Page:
Behind Wells Fargo's Record Earnings

California lender Wells Fargo (NYSE: WFC  ) may well have produced record net income in the second quarter, beating the analysts' estimate along the way. A boom in mortgage refinancing, spurred by low interest rates, certainly didn't hurt the largest home lender in the United States. However, investors shouldn't be distracted -- they need to keep their focus on the evolution of the bank's loan book, which is less cheery.

As Goldman Sachs (NYSE: GS  ) remarked: "Against the credit performance, the primary concern is NPAs [non-performing assets] up 45% on a linked quarter, which is among the highest rates of growth of any bank we cover and much higher than the 15-20% growth seen at most other big banks such as BAC, USB etc ..."

This suggests that greater-than-expected loan losses could pop up to upset earnings through the second half of the year and into 2010. Is that prospect priced into the shares?

How are the shares priced?
At yesterday's closing price of $25.35, Wells Fargo shares are valued at 1.41 times book value per share. While that is at the high end of its peer group (see the table below), the shares haven't traded at such a low multiple in over 15 years. Between March 1994 and the start of the credit crisis in July 2007, Wells' price-to-book value hit a low of 1.90 in December 1994. Since then, the shares have produced an annualized return of 13.6% -- double the market return of 6.8% over the same period.

Bank

P/BV Multiple

% Return Since March 9 Market Low

US Bancorp (NYSE: USB  )

1.67

79%

Wells Fargo

1.41

154%

JPMorgan Chase (NYSE: JPM  )

1.01

132%

PNC Financial (NYSE: PNC  )

0.91

91%

Bank of America (NYSE: BAC  )

0.47

225%

Citigroup (NYSE: C  )

0.22

152%

Source: Capital IQ, a division of Standard & Poor's. Note that some BVs are not updated for the latest earnings releases.

Will they outperform?
Can we expect Wells shares to outperform on an ongoing basis? It's no certainty -- two questions are critical:

  • How will legacy loans perform? (Commercial real estate is an area of particular concern.)
  • What sort of profitability can we expect for banks in a post-bubble environment?

Existing shareholders (I'm including myself) should also consider the likelihood that Wells Fargo will dilute their holdings by issuing more shares during the next 18 months. With all that said, I think it's a decent bet that this lender will outperform the S&P 500 over the next five to 10 years -- though probably not with the same margin it has enjoyed over the last 15.

Respected asset manager GMO is forecasting that "high-quality" U.S. stocks will beat large-cap stocks by more than six percentage points annually over the next seven years! Morgan Housel has identified three high-quality companies that are still cheap.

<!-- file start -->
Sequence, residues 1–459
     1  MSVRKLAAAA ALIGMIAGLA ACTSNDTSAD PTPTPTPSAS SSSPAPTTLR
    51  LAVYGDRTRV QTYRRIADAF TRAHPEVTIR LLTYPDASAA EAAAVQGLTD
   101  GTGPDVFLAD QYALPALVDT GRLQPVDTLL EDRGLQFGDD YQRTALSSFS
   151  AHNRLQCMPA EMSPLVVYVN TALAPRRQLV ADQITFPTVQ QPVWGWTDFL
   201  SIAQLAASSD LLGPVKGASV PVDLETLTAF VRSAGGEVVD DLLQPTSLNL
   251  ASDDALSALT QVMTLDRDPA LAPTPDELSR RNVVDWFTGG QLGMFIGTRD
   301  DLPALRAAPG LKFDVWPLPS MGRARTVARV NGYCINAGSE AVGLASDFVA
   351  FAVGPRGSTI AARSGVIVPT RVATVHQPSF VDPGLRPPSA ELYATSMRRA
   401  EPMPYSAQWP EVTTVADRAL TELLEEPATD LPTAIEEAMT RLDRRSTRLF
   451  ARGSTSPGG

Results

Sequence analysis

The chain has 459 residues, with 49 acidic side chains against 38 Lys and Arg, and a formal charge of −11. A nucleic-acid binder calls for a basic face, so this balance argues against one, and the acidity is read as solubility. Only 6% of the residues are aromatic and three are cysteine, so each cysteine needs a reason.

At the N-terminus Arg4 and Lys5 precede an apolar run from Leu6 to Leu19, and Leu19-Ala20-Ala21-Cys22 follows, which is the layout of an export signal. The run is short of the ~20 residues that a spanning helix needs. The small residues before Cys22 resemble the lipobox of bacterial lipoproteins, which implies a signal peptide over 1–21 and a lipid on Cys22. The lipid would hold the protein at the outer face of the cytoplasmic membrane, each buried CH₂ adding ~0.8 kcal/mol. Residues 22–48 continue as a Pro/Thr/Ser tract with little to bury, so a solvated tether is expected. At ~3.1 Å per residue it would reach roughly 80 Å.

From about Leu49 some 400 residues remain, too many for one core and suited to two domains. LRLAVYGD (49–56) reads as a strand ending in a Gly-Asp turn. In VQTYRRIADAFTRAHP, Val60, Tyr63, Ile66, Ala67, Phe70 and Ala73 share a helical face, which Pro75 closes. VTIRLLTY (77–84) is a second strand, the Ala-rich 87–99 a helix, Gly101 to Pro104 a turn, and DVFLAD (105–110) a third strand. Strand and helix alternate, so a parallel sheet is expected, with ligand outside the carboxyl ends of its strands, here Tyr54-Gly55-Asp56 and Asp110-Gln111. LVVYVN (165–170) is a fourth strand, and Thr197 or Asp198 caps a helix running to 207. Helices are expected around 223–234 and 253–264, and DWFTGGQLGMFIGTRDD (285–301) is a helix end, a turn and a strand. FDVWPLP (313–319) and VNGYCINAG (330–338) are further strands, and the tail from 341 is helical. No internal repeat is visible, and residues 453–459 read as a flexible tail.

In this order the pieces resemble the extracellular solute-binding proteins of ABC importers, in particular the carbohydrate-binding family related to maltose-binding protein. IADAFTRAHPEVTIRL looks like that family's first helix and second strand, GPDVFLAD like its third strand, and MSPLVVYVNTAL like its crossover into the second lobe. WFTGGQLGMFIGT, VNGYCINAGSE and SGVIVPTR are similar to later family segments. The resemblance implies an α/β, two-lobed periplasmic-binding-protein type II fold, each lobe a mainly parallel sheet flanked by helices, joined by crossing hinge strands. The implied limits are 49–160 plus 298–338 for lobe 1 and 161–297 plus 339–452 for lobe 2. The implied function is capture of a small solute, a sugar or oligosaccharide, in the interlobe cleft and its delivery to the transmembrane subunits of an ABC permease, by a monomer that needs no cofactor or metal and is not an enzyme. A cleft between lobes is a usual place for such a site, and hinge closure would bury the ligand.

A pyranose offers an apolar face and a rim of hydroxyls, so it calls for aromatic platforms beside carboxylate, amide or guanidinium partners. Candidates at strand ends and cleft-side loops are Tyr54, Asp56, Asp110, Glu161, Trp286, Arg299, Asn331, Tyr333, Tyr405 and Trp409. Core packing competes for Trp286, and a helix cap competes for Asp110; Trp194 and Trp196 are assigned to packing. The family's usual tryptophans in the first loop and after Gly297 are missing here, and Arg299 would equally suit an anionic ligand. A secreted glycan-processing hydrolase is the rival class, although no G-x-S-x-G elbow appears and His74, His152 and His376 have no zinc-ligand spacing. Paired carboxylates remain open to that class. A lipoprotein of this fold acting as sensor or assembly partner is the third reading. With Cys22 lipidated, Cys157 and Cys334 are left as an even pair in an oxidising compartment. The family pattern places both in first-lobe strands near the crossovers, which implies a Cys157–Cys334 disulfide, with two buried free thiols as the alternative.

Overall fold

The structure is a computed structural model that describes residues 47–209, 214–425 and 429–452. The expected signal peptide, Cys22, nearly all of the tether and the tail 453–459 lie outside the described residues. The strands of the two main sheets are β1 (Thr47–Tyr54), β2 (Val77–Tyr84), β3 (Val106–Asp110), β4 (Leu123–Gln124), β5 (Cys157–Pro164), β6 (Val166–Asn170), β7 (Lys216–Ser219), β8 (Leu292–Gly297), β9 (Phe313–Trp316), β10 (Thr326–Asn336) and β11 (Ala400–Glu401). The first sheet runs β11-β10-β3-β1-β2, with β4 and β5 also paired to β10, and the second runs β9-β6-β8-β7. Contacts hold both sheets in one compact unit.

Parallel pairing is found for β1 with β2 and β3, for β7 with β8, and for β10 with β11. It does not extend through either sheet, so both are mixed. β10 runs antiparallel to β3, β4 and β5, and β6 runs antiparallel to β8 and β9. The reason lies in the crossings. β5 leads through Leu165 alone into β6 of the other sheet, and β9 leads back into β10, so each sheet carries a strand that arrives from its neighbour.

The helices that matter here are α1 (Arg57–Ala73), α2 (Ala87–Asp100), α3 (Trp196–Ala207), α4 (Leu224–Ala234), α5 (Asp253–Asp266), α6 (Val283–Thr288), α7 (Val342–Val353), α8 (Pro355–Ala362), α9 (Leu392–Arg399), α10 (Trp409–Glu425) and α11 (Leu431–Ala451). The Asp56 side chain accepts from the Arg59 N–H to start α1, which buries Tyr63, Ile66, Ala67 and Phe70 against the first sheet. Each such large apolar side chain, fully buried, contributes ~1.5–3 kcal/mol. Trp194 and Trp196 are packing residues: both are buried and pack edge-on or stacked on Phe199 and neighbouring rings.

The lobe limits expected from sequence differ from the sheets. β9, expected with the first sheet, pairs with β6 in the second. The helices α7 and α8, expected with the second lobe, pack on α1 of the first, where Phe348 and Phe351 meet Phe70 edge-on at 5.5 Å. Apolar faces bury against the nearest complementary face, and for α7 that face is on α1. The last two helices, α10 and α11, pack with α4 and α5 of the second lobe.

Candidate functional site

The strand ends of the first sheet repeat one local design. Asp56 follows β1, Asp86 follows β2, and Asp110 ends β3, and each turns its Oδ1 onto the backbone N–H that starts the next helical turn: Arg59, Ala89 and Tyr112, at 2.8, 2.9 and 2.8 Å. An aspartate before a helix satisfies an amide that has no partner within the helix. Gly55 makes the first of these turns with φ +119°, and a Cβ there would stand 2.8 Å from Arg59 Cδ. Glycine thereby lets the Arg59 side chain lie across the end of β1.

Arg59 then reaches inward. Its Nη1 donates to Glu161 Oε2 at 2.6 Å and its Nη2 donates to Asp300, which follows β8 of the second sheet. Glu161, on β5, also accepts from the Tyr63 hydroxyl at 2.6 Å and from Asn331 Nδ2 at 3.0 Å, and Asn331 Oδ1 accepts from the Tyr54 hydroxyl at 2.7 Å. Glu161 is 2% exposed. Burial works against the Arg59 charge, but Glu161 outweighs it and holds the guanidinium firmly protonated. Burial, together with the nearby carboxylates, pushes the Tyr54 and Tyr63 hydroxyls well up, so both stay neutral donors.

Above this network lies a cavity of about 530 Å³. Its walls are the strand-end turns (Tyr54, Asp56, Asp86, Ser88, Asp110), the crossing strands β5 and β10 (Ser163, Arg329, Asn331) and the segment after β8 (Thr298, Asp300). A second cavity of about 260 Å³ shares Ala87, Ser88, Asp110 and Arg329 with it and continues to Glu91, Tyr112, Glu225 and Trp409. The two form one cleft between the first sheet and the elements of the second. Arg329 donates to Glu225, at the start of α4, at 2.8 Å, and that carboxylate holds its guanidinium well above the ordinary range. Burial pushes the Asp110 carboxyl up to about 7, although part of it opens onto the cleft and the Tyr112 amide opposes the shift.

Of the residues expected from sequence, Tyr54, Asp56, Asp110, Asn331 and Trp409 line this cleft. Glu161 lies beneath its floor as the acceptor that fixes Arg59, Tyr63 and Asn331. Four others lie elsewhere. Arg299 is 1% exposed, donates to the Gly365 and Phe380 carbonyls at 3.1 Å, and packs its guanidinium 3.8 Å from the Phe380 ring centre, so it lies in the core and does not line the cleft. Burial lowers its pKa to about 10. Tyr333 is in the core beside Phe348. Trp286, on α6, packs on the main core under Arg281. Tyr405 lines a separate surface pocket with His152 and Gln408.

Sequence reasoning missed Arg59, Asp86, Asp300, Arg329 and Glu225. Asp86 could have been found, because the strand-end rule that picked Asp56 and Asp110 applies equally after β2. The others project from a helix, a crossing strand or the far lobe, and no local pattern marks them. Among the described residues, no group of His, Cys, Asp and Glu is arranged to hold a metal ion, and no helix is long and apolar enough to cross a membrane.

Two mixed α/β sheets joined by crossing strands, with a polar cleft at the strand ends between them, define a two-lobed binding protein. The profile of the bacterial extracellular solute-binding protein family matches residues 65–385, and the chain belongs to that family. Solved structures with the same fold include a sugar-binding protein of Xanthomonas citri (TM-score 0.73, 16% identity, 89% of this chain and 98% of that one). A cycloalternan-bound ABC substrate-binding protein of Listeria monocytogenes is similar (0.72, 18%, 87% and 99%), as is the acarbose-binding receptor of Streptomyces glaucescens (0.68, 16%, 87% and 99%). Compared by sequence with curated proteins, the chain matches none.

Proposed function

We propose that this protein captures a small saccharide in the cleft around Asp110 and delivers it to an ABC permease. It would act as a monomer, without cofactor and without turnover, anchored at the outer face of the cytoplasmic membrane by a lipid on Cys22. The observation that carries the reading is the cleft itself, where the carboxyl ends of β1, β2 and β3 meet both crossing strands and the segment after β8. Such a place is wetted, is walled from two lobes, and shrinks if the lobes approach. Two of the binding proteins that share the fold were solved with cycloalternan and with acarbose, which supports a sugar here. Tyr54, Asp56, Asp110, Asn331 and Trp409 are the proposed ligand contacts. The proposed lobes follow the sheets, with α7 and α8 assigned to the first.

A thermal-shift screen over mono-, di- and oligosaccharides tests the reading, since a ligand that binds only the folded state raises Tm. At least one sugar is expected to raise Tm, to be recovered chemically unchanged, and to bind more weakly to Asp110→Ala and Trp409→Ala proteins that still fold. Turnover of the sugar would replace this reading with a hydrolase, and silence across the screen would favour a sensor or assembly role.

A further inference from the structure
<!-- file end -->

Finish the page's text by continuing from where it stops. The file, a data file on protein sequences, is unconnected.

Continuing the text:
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Alex Dumortier, CFA has a beneficial interest in Wells Fargo, but not in any of the other companies mentioned in this article. Try any of our Foolish newsletters today, free for 30 days. Motley Fool has a disclosure policy.


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  • Report this Comment On July 23, 2009, at 10:15 AM, Gregeph wrote:

    It seems to me that the problems with the write-offs are serious but temporary. They have already made large purchase accounting adjustments with the Wachovia acquisition, which the market seems to underappreciate. It makes sense to take Buffett's lead and focus on the long-term earnings power of the franchise. They have a strong national platform and a track record of gathering assets at a low cost. The number to focus on is their return on assets. If they can achieve their long term average return of about 1.5% on $1.3 trillion in assets, they could earn $20 billion annually. Assets should grow over time, especially in an environment where many competitors are weakened. Also, Wells is very good at cross selling products to its customers which should help earnings as they more broadly serve their new Wachovia customers. This is not to say that there is no risk. The economy is still weak and not out of the woods. I agree with the Alex that there is still the possibility of further dilution. One approach to this risk is to demand lower prices before purchasing shares in order to hedge against future dilution. This would give a greater margin of safety. Otherwise, if your target is not met, be disciplined and pass.

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